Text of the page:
How Does a Split Annuity Work?

A split annuity allows you to invest your money and receive an income at the same time.
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You might not have a large sum of money that you don't know what to do with right now, but that could change in the future. You might receive a lump-sum pension payment when you retire or as a result of a legal settlement. One investment vehicle that allows you to receive an immediate income while still setting money aside for a rainy day is a split annuity.

Annuity Identification

An annuity is an investment vehicle typically issued by life insurance companies. You send money to the insurance company in regular installments and your money earns interest on a tax-deferred basis. At a designated time, such as when you retire, the insurance company makes payments to you at regular intervals. The size of your installment payment is based on your age and the amount of the accumulated fund.

Split Annuity Concept

The split annuity combines two different types of annuities: the deferred annuity, where your money remains invested for a specified period of time; and the immediate annuity, which allows you to begin to receive payments right away. A split annuity is typically used when an investor has a large sum of money and wants to receive an immediate income while still having money set aside for a future investment goal.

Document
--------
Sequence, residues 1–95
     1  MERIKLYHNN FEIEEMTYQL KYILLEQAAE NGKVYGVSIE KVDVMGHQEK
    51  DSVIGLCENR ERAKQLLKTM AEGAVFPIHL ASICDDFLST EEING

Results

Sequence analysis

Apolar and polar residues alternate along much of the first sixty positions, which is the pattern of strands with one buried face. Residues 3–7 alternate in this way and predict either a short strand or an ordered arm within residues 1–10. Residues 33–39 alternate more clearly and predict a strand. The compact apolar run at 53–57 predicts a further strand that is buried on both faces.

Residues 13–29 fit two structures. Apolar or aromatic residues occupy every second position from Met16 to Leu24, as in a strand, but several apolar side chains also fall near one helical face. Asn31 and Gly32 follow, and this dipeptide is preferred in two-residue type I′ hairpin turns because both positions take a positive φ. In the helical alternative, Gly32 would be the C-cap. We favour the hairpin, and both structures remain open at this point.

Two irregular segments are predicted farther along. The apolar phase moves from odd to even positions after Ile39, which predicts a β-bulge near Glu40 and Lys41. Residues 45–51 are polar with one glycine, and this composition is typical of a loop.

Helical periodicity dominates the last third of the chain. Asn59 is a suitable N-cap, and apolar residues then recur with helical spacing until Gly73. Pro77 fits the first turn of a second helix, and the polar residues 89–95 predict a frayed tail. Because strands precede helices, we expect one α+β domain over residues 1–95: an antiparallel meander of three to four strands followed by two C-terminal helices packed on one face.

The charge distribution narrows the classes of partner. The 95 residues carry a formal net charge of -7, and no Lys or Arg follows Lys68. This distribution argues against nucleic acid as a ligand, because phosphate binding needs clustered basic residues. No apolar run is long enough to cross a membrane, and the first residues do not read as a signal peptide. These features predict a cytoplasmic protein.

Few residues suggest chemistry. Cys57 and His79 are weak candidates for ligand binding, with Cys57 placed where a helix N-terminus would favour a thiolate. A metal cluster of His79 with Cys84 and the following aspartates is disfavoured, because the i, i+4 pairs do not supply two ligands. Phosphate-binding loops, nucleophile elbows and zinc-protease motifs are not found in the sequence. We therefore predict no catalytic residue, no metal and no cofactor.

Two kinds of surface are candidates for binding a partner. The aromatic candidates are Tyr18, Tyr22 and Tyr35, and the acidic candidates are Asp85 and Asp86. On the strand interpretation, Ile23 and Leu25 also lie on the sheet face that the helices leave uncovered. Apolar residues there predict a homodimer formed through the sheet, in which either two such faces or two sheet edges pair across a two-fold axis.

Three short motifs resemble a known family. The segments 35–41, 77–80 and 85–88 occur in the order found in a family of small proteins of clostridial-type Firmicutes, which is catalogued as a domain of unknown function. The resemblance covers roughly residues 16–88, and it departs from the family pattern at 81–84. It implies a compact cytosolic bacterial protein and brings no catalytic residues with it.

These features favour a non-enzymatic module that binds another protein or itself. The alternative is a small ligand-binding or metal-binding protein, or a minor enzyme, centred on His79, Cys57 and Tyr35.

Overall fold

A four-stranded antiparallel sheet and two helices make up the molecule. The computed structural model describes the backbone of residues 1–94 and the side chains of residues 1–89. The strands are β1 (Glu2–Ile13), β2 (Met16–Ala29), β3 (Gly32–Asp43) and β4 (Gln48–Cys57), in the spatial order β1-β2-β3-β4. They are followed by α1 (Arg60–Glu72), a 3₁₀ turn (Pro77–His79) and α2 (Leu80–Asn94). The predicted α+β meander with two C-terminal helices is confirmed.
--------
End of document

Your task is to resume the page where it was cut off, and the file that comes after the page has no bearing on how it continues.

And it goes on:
Suppose you have $100,000 in a bank certificate of deposit about to mature, and you want to receive an income while keeping a portion invested. With a split annuity, you could put $50,000 into an immediate annuity that will pay you a regular monthly income. You would put the other $50,000 into a deferred annuity that would continue to earn tax-deferred interest. This process allows you to receive an income while still having money set aside for the future.

Other Uses

Split annuities aren't only used as part of a retirement plan. They are often used in structured settlements in which an individual comes into a large sum of money as the result of a personal injury award. They can also be used for tax-benefit purposes where the investor wishes to defer paying taxes on a large sum of money. Another use occurs when the investors wants a regular income for a specific purpose, such as covering a monthly mortgage payment, while still preserving a portion of the principal.

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